Art, the Crenshaw/LAX Line, and the Stories We (Don’t) Tell at Train Stations
Given the role public investment can have in reshaping marginalized communities, what responsibilities does Metro have as an entity that seeks to tell stories about the places it moves people through?
Méndez is one of three artists whose work will grace the station and one of fourteen whose work will be featured at stations along the under-construction Crenshaw/LAX Line.
It’s one of several such videos Metro has put out to showcase its art program, the artists, and the process the artists are using to tie their work (and the stations) to place along the Crenshaw/LAX Line.
I first took a look at what might be expected of the artists back in 2015, when the finalists were announced. In the intervening years, I’ve wondered how well the artists would capture the spirit and stories of the community, given that few were from or had deep roots in either the Crenshaw or Inglewood communities.
Inspired by the look at Méndez’ work to synthesize the artists’ journeys over the last couple of years, I’ve compiled Metro’s videos and the artists’ in-progress works here to get a fuller picture of what people can expect to see along the line when it finally opens next year.
If there are any overarching takeaways to be had, they are tied to Metro’s interest in having the art speak primarily to and about the people who are passing through a community. As seen in the videos below, a number of the artists allude to exploring commuters’ relationships to fellow commuters, to transit and movement, to physical spaces, and to cities, more generally, rather than to the people of a particular place.
On one hand, it’s an orientation that makes sense. The goal of a healthy transit system is to connect people to opportunities, resources, entertainment, family and friends, and the city itself.
But here in L.A., the expansion of the transit system into formerly redlined communities has also caused residents of those neighborhoods to raise questions about who the improvements are meant to serve.
Transit-oriented development (TOD) projects springing up around transit hubs are often out of reach of the average low-income resident in the area and have the potential to accelerate indirect displacement. Metro itself can even be the driver of those processes, as seen in the case of Mariachi Plaza in Boyle Heights, where the TOD proposal it originally intended to greenlight erased the existing Latinx community and reimagined the plaza as a shiny whitewashed version of itself. Recent Metro messaging aimed at riders of choice has also tended toward framing its riders of necessity as undesirable or criminal.
Even the path to getting a station at Leimert Park had been a long one – Metro seemed unwilling to acknowledge the significance of the village area as the cultural beating heart of the black community.
So it is perhaps not surprising that the art program would shy away from intentionally engaging either the blackness of the Crenshaw corridor or the resilience with which the community has responded to all of the constraints – past and present – imposed on its mobility.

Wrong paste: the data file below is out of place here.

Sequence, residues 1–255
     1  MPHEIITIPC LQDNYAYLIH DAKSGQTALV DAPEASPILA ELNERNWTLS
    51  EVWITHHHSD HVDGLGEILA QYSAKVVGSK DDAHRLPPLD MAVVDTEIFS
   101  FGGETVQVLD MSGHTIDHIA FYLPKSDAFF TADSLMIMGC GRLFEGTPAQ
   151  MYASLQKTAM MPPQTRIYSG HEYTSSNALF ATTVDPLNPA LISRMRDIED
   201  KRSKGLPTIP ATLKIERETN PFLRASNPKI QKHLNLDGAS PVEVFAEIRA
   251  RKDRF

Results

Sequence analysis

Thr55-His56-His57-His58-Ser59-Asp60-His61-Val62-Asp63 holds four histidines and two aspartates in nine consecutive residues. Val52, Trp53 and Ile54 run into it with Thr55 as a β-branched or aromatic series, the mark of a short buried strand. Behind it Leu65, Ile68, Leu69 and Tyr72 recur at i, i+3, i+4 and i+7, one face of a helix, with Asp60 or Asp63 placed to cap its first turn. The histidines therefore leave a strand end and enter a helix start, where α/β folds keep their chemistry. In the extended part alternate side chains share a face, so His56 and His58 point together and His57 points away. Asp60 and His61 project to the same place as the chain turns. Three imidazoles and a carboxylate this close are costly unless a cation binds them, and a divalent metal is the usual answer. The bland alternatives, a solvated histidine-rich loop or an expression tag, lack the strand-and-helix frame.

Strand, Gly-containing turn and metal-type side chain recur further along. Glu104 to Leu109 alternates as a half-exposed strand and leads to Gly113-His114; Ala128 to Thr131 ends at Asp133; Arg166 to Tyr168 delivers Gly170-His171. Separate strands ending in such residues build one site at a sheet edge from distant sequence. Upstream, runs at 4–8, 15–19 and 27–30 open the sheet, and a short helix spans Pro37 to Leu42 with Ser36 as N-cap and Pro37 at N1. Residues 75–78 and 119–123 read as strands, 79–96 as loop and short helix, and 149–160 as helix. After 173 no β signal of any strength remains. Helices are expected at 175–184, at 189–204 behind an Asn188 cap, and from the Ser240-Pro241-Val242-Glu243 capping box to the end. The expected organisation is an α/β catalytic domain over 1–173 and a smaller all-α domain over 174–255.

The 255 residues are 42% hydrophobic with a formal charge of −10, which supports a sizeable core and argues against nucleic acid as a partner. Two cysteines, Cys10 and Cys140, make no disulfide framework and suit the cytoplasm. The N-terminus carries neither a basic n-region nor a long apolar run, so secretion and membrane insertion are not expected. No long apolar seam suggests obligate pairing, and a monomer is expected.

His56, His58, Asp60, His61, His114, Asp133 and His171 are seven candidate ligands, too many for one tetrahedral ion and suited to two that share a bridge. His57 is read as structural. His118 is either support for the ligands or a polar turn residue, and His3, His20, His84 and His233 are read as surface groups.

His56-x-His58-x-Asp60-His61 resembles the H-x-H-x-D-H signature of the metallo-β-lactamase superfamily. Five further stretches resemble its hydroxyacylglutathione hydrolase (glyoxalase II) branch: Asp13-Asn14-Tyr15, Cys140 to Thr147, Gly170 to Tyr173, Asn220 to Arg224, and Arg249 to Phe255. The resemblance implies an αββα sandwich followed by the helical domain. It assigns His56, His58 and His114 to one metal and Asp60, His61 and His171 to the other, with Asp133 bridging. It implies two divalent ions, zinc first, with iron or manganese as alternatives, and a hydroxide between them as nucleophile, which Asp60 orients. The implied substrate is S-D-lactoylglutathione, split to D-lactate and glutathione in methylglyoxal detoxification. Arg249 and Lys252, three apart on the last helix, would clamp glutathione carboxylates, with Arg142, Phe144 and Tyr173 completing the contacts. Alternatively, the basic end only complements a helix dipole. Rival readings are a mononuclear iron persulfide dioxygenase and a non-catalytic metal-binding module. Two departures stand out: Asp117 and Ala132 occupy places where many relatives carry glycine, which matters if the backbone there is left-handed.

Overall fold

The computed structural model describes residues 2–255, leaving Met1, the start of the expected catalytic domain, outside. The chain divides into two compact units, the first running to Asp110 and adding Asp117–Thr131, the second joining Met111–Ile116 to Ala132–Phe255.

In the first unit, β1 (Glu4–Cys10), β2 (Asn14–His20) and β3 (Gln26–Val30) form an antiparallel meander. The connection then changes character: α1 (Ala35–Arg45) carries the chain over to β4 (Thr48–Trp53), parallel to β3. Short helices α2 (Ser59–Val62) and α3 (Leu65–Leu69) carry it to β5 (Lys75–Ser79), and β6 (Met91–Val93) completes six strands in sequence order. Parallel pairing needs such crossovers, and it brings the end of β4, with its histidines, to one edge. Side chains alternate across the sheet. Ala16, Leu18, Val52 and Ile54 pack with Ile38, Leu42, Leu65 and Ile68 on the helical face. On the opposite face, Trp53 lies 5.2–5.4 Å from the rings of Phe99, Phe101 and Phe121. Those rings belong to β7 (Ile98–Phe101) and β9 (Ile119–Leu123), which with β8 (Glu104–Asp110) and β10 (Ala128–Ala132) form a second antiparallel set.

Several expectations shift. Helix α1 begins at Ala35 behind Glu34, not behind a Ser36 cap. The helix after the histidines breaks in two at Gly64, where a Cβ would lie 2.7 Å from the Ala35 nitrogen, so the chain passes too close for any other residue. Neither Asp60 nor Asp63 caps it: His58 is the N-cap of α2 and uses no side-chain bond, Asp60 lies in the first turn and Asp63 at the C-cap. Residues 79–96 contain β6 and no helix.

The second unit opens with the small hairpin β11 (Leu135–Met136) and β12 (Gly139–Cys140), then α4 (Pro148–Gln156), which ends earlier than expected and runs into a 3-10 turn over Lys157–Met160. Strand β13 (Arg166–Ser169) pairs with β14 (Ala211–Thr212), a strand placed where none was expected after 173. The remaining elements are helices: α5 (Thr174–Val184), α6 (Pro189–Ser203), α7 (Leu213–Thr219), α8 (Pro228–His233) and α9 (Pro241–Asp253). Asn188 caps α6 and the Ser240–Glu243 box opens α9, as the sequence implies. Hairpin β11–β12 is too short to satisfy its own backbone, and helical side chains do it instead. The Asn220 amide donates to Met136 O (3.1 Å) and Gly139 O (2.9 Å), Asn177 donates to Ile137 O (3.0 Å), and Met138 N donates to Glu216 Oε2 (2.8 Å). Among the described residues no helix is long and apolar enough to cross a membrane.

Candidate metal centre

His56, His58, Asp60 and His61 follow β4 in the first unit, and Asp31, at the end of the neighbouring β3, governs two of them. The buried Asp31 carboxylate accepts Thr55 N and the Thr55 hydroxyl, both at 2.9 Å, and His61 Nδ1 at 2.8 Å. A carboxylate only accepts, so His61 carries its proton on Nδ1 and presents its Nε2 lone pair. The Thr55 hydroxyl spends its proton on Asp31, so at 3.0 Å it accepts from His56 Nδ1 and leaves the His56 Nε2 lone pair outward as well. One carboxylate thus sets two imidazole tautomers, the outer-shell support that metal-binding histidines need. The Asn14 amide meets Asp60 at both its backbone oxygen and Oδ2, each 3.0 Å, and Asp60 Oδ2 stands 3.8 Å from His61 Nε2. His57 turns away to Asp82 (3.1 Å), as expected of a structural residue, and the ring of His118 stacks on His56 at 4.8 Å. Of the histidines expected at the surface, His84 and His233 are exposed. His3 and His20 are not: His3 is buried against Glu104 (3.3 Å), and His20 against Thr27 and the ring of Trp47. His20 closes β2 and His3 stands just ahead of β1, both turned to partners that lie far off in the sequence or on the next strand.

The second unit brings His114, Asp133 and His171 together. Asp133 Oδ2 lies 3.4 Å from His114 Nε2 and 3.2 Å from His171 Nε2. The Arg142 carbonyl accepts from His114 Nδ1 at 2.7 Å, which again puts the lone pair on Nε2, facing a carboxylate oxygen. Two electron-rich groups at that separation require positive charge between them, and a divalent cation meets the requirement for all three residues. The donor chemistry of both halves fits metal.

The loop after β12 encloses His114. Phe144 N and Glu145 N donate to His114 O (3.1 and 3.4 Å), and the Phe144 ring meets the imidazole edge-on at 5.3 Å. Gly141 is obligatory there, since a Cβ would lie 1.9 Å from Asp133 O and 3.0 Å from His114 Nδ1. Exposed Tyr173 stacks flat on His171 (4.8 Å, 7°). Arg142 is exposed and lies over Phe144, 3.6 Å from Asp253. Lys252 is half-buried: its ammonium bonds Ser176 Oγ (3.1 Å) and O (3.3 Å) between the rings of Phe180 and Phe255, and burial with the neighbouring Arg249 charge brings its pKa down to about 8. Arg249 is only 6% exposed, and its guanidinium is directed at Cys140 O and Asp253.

But the omission feels notable all the same.
Instead, the task of more explicitly engaging the intersection of race and place appears to have fallen to Destination Crenshaw – the mile-long open-air living museum slated to be built between 48th and 60th Streets, where the train will run at-grade.
To be clear, the privately-funded project is not a direct response to Metro’s art program.
Instead, it grew out of the community’s dismay at Metro’s decision to ignore its protests and run the train through the last intact black business and cultural corridor in the city in order to save on construction costs.
Still, the projects stand as an interesting study in contrasts.
Metro’s arts initiative seeks to “enhance the customer experience” by using site-specific artworks and programming that “improve the visual quality of transit environments” and “create a sense of place” in order to “encourage ridership” and “connect people, sites, and neighborhoods.”
It’s the world-is-your-oyster approach.
Destination Crenshaw, on the other hand, is more akin to the story of what it takes to reclaim your place in space when you’ve historically been denied access to and ownership over it in every conceivable way.
Still suffering the consequences of earlier infrastructure projects used to undermine their community, residents saw they had little choice but to get ahead of Metro’s plans. This time, they vowed, a barrier would work to their advantage – both economically and with regard to showcasing Crenshaw’s identity.
For the past two years, the office of Councilmember Marqueece Harris-Dawson, key community partners, and the architecture and design firm Perkins+Will, in consultation with area stakeholders, artists, musicians, business owners, activists, innovators, and cultural curators, have been hammering out a project that will let Metro passengers know exactly what kind of space they are moving through and why and how it matters.